Christ reminds us in John 14:27:
Peace I leave with you; my peace I give to you. Not as the world gives do I give it to you. Do not let your hearts be troubled or afraid.
The peace we have in following Jesus is always present, even in adversity.  Praying our rosary daily and meditating on the mysteries of Christ’s life, death and resurrection, gives us the perspective of what true sacrificial love looks like: a Father who gave His only son over for creatures that often reject His very existence, and He loves them anyway.
Where human relationships and faith intersect, there will always be a possibility for strife.  Family, relatives, friendships, dating, neighbors; all of these can teeter subjectively as faith materializes in our individual actions, invariably affecting others.  Some may accept God’s truth and some may deny it, and that is where we see division occur.  We often want to boil Jesus’ message down to niceties when, in fact, it boils down to justice and obedience: things that can make one’s life uncomfortable on a personal level but profoundly peace-filled on the interior.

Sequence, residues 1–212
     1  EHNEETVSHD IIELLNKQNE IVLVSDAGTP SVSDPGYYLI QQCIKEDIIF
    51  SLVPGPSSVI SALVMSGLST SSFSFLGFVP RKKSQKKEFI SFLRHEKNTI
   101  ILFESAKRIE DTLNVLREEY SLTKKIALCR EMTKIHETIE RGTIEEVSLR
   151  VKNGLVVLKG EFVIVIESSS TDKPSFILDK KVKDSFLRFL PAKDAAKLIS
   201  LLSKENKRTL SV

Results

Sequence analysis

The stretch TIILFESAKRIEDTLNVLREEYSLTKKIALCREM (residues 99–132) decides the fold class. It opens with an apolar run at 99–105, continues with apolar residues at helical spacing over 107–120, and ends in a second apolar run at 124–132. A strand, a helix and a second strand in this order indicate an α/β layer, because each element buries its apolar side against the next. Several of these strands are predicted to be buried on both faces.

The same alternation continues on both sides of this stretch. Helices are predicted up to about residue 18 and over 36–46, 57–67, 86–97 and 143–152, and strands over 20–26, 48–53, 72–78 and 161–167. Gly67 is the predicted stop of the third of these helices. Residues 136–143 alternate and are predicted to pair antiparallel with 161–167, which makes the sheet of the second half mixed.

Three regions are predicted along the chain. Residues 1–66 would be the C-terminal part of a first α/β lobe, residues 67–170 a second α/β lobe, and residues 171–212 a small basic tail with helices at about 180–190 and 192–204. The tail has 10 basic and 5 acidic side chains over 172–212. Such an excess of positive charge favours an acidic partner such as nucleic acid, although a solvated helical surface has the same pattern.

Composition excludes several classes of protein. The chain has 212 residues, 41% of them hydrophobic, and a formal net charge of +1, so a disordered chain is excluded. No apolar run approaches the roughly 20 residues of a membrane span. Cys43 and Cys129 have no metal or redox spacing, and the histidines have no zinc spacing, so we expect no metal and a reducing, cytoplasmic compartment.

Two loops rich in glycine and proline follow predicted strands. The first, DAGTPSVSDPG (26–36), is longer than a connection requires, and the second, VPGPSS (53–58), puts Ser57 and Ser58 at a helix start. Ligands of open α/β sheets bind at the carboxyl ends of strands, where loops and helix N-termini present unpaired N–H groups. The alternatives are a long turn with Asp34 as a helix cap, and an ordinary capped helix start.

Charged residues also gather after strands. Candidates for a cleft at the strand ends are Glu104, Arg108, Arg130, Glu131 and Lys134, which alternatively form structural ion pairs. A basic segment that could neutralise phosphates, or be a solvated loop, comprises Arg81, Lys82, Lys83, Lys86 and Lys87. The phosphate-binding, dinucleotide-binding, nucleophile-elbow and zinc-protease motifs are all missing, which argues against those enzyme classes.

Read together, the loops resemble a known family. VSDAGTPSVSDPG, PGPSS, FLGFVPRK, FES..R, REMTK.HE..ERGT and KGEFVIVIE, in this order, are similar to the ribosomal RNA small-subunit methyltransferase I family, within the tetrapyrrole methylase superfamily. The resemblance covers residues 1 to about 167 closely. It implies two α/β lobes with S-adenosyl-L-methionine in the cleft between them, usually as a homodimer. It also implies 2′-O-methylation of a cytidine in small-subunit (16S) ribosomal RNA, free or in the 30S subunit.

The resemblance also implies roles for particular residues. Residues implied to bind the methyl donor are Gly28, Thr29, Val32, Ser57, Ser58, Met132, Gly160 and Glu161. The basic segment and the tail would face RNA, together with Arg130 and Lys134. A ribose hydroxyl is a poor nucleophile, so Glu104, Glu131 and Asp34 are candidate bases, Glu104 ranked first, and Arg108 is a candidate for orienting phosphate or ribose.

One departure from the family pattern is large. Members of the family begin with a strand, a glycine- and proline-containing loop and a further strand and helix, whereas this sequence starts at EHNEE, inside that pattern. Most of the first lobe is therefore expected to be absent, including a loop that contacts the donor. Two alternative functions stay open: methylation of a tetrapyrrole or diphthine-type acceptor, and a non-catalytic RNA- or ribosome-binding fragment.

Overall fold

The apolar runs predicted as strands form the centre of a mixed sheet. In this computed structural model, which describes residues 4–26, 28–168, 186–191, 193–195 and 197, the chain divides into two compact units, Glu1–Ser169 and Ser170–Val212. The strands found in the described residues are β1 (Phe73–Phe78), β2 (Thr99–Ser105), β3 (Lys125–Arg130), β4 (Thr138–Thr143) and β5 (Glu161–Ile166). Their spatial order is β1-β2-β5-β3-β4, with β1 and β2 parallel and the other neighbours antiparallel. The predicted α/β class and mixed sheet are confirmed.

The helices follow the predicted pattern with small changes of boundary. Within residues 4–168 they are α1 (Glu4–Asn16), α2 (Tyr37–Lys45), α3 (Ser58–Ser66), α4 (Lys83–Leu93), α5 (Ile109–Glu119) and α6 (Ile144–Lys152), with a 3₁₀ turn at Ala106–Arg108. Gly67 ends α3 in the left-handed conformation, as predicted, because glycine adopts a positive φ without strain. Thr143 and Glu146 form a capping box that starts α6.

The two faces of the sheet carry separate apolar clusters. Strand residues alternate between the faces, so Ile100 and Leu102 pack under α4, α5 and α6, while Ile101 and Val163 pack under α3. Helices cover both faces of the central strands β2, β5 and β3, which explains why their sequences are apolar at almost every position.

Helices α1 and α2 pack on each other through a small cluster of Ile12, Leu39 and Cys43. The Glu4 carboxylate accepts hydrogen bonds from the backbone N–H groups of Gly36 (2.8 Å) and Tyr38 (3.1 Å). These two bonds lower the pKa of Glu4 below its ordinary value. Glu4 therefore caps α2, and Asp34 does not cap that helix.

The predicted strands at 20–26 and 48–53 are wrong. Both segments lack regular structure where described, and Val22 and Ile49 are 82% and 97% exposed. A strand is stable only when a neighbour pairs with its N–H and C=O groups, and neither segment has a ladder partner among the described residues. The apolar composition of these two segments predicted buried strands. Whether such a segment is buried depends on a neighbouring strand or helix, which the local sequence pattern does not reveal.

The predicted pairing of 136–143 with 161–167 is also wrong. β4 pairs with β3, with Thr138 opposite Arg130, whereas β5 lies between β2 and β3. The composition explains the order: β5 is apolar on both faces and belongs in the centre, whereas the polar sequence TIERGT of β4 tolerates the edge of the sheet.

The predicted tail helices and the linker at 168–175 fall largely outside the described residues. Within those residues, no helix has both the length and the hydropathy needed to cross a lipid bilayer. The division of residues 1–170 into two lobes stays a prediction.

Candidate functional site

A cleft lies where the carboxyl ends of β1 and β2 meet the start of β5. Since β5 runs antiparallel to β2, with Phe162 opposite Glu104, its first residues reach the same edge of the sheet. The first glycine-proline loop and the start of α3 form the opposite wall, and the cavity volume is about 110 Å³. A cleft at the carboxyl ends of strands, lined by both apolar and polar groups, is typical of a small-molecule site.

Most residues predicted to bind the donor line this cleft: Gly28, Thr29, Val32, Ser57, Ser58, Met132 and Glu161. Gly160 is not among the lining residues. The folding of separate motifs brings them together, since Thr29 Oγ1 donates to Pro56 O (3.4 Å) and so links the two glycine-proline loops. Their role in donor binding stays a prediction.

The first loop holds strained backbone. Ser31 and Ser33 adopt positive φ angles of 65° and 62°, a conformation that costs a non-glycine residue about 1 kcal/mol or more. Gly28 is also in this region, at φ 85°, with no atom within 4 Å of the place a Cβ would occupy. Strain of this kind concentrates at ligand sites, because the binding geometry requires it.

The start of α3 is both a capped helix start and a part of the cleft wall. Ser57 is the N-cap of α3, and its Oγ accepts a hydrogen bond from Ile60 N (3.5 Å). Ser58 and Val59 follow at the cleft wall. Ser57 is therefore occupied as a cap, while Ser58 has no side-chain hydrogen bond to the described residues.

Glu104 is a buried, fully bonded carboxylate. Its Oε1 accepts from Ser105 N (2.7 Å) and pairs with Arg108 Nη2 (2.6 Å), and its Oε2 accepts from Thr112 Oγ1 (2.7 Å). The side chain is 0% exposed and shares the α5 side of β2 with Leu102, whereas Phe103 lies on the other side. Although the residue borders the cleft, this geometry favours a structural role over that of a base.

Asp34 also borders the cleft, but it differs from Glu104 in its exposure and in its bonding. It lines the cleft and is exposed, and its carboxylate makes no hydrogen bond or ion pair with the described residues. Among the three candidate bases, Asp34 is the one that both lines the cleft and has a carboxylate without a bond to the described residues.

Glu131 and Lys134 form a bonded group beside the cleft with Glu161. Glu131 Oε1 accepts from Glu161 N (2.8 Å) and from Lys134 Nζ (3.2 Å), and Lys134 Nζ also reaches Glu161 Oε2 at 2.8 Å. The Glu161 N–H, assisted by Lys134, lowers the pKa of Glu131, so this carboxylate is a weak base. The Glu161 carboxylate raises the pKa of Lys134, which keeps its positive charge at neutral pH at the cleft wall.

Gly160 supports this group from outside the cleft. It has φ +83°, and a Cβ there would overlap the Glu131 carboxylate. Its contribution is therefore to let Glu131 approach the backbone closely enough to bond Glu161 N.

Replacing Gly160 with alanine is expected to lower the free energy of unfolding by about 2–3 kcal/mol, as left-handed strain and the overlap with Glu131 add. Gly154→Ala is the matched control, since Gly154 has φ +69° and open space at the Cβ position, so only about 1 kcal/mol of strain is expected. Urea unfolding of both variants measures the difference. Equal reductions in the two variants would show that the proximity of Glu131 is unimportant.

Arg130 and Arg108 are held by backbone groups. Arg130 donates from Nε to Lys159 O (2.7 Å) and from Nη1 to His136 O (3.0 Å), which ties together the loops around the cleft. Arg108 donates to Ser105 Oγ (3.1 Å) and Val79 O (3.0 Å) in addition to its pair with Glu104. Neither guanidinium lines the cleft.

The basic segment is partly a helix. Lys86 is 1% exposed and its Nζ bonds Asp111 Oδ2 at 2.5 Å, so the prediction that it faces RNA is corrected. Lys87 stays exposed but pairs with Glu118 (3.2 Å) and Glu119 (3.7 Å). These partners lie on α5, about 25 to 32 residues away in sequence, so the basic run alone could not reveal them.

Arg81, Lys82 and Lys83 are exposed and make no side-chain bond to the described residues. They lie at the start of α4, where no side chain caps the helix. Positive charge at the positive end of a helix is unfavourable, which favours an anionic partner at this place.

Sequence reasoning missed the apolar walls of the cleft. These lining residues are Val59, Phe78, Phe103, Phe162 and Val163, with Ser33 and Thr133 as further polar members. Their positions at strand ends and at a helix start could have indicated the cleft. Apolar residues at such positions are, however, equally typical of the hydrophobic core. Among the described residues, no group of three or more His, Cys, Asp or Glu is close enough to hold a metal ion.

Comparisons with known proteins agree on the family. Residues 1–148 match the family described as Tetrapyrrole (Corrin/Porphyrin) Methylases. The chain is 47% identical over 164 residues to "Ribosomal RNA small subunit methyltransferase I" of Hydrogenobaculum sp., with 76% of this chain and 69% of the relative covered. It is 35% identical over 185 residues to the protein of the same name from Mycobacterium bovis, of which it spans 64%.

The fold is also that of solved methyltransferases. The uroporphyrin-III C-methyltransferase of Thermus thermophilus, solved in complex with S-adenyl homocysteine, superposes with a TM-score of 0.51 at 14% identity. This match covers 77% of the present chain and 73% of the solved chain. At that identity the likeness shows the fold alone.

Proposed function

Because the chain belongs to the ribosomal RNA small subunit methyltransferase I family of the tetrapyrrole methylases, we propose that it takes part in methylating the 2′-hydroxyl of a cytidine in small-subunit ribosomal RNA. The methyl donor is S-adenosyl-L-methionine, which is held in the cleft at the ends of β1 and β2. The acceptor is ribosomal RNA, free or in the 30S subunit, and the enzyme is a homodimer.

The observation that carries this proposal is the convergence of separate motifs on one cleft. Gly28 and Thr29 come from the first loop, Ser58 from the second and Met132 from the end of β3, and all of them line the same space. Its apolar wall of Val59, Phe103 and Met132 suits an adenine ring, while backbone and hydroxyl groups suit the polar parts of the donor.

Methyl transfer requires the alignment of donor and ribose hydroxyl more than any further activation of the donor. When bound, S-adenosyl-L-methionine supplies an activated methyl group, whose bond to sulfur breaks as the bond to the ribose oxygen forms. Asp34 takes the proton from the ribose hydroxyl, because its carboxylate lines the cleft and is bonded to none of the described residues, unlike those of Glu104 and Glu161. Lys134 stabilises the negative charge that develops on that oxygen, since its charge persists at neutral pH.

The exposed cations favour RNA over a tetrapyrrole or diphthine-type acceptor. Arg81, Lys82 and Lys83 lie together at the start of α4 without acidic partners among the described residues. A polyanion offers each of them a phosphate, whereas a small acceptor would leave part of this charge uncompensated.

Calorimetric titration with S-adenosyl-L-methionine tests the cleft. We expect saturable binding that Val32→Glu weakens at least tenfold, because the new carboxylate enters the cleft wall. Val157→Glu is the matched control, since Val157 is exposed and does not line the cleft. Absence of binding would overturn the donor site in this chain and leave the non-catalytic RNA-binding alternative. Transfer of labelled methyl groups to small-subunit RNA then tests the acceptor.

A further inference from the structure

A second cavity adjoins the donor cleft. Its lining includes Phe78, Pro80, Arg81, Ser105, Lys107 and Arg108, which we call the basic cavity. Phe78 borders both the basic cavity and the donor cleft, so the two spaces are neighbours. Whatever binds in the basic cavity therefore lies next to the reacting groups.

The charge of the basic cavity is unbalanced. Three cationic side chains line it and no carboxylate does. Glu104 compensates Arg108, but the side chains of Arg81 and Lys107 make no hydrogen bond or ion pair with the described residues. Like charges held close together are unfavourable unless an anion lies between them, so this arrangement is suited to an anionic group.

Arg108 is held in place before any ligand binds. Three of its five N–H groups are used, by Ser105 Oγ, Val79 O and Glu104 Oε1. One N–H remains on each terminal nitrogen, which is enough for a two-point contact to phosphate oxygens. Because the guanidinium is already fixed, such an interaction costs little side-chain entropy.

Although we may be willing follow Christ, others may not be ready.  Our perseverance in serving God by remaining steadfast to His truths is what we are called to do, all the while being an example of charity and kindness to those around us. Charity in truth is always delicate, so we have a policy of whispering “Come, Holy Spirit!” when difficulties arise.
Small Prayers Make a Big Difference
With all the relevance of the gospel still lingering, we turned to discuss the case of a mother who prayed daily for her family, in hopes of them remaining close to Jesus and their faith.  While preparing to send kids off to school with this concern in mind, two of them came to her (separately) with a plan for themselves to have a group of faithful friends with whom they could attend mass each week.  As our kids go off to live in other locations, or even just attend middle school and high school, we must persevere in prayer for their faith, trusting that God will answer those prayers someday in some way.
Virtues to practice: HOPE; Fortitude and Fidelity/persistence
How we will act: This week we will write down three to five things each day where we saw God at work in our lives, and give thanks for answered prayers. (These must be specific situations, not just “food, family, etc.”)
How we will pray: We will be persistent in praying our rosary each day, particularly for our family’s faith.
What can you do to promote world peace? Go home and love your family. –St Teresa of Calcutta 
mother-1647831_960_720
Be at peace with your own soul, then Heaven and earth will be at peace with you. –St Jerome
St Jerome
While you are proclaiming peace with your lips, be careful to have it more fully in your heart. –St Francis of Assisi 
St Francis